February 23, 2018


A Stroll With Albert Jay Nock (Robert Thornton, 2/23/18, Imaginative Conservative)

A civilized society, wrote Albert Jay Nock, is one which "organizes a full collective expression of mankind's five fundamental social instincts: the instincts of workmanship, of intellect and knowledge, of religion and morals, of beauty and poetry, of social life and manners." When societies have gone on the rocks, "it was invariably the collective overstress on one or more of these fundamental instincts that wrecked them." American society, he wrote from Brussels in 1931, is trying to force the whole current of our being through the narrow channel set by one instinct only: the instinct of acquisition and expansion. A society that gives play to only this instinct "must inevitably be characterized by a low type of intellect, a grotesque type of religion, a fictitious type of morals, an imperfect type of beauty, and an imperfect type of social life and manners. In a word, it is uncivilized."

The trouble with our civilization, Nock declared, is that it makes exceedingly limited demands on the human spirit and the qualities that are distinctly and properly humane. We have been trying to live by mechanics alone, the mechanics of pedagogy, politics, industry, commerce. Instead of experiencing a change of heart, we bend our wits so as to devise changes in mechanics. But, continued Nock, "a nation's life consisteth not in the abundance of the things that it possesseth; that it is the spirit and manners of a people, and not the bewildering multiplicity of its social mechanisms that determine the quality of its civilization."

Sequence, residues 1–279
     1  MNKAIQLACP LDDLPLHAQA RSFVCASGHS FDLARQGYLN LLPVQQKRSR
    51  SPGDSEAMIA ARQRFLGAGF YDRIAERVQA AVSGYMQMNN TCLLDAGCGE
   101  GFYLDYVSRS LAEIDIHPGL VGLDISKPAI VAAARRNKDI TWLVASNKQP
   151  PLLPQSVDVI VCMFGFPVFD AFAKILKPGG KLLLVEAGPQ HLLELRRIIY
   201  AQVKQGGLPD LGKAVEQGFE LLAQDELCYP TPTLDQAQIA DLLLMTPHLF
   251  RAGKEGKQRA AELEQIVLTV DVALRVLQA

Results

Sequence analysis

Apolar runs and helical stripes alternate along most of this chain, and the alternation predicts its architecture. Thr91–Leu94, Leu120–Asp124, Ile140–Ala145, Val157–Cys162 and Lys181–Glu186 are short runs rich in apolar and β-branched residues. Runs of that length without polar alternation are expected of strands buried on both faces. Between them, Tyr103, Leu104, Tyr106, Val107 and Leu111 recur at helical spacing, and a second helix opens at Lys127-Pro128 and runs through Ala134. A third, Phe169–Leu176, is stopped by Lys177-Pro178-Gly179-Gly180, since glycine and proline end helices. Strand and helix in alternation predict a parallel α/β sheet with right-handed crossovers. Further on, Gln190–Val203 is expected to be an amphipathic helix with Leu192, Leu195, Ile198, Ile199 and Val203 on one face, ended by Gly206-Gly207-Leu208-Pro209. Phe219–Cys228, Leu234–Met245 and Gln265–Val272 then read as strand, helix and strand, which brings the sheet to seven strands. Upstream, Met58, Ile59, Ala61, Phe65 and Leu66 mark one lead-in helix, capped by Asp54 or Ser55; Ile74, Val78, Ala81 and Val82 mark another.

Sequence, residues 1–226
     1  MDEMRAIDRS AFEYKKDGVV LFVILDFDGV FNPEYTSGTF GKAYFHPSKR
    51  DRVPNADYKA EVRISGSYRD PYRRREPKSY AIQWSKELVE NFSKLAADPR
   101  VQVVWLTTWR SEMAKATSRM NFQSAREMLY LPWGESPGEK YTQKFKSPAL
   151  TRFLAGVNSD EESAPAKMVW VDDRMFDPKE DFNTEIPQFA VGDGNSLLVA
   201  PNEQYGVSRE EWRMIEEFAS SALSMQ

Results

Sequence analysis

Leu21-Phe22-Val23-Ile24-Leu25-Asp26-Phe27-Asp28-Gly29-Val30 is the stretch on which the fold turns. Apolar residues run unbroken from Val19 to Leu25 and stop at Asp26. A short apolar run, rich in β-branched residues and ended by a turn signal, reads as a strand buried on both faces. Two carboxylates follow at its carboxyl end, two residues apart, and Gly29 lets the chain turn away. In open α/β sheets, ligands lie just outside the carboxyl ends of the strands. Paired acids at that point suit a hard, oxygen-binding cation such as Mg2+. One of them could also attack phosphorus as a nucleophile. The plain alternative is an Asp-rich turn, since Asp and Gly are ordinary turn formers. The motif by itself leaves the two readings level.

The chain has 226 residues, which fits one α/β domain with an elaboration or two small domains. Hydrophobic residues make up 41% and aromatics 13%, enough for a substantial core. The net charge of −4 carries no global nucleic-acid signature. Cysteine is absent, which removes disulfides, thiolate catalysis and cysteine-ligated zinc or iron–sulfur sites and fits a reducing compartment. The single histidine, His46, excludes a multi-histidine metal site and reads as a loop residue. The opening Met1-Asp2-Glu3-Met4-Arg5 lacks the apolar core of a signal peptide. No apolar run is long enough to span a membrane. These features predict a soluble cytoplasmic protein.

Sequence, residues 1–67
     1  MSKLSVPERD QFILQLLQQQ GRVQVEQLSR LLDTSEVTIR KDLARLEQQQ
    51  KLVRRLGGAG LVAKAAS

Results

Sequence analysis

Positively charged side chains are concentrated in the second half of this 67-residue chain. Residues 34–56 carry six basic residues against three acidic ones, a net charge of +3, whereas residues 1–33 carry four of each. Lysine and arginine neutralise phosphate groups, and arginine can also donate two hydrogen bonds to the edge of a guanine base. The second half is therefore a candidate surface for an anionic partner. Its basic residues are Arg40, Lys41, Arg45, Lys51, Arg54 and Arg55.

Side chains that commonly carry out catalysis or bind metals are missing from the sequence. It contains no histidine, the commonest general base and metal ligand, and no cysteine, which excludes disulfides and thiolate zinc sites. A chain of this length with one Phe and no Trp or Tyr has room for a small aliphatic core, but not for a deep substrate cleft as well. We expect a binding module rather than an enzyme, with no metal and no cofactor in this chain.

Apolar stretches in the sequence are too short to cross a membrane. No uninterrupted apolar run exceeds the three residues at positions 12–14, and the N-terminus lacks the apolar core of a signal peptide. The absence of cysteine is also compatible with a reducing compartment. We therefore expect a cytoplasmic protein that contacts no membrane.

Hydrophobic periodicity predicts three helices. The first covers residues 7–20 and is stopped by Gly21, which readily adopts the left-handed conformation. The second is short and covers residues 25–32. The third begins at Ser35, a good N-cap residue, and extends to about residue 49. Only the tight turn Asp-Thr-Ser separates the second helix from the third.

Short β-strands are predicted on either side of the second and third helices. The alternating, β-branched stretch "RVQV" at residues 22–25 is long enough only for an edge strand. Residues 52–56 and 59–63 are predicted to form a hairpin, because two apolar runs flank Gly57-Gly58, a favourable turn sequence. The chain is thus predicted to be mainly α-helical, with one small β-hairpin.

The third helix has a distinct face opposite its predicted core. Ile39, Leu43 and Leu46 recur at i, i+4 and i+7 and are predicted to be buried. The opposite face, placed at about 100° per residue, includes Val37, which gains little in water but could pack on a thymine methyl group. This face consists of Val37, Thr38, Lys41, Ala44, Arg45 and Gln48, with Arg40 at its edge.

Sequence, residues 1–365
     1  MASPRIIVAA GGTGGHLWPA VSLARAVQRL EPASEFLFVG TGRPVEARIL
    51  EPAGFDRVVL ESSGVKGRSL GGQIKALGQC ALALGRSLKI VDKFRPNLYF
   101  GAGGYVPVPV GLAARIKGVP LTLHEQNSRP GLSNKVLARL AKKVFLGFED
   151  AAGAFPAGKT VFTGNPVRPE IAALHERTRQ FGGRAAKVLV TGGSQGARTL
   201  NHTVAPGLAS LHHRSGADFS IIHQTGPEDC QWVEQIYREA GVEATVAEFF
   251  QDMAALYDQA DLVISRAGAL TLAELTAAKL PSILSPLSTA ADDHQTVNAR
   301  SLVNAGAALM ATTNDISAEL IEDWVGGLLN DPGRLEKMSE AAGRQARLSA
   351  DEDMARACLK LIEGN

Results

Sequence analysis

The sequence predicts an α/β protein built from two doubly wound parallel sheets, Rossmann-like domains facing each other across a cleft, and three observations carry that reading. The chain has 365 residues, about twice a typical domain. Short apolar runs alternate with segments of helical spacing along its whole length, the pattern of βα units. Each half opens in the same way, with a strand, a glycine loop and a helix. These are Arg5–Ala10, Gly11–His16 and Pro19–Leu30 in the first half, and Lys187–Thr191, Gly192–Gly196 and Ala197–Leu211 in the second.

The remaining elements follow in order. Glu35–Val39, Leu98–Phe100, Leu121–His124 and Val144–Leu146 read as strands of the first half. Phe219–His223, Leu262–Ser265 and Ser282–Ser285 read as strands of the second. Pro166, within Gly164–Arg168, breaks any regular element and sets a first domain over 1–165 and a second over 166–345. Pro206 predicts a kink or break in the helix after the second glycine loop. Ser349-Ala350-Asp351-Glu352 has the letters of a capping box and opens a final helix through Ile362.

The sort of people he admired were those he found himself among many years ago in New England. Writing in 1930, he observed that New Englanders "like to work, and they are prosperous but they refuse to be dominated by their business" and "resent an over-big rush of trade as keenly as the rest of America grabs for it, and cajoles and lies and grovels for it." Nock felt privileged "to sojourn among such people" and had "enormous admiration for their independence, self-respect and insight into the real values of life."

Posted by at February 23, 2018 3:35 AM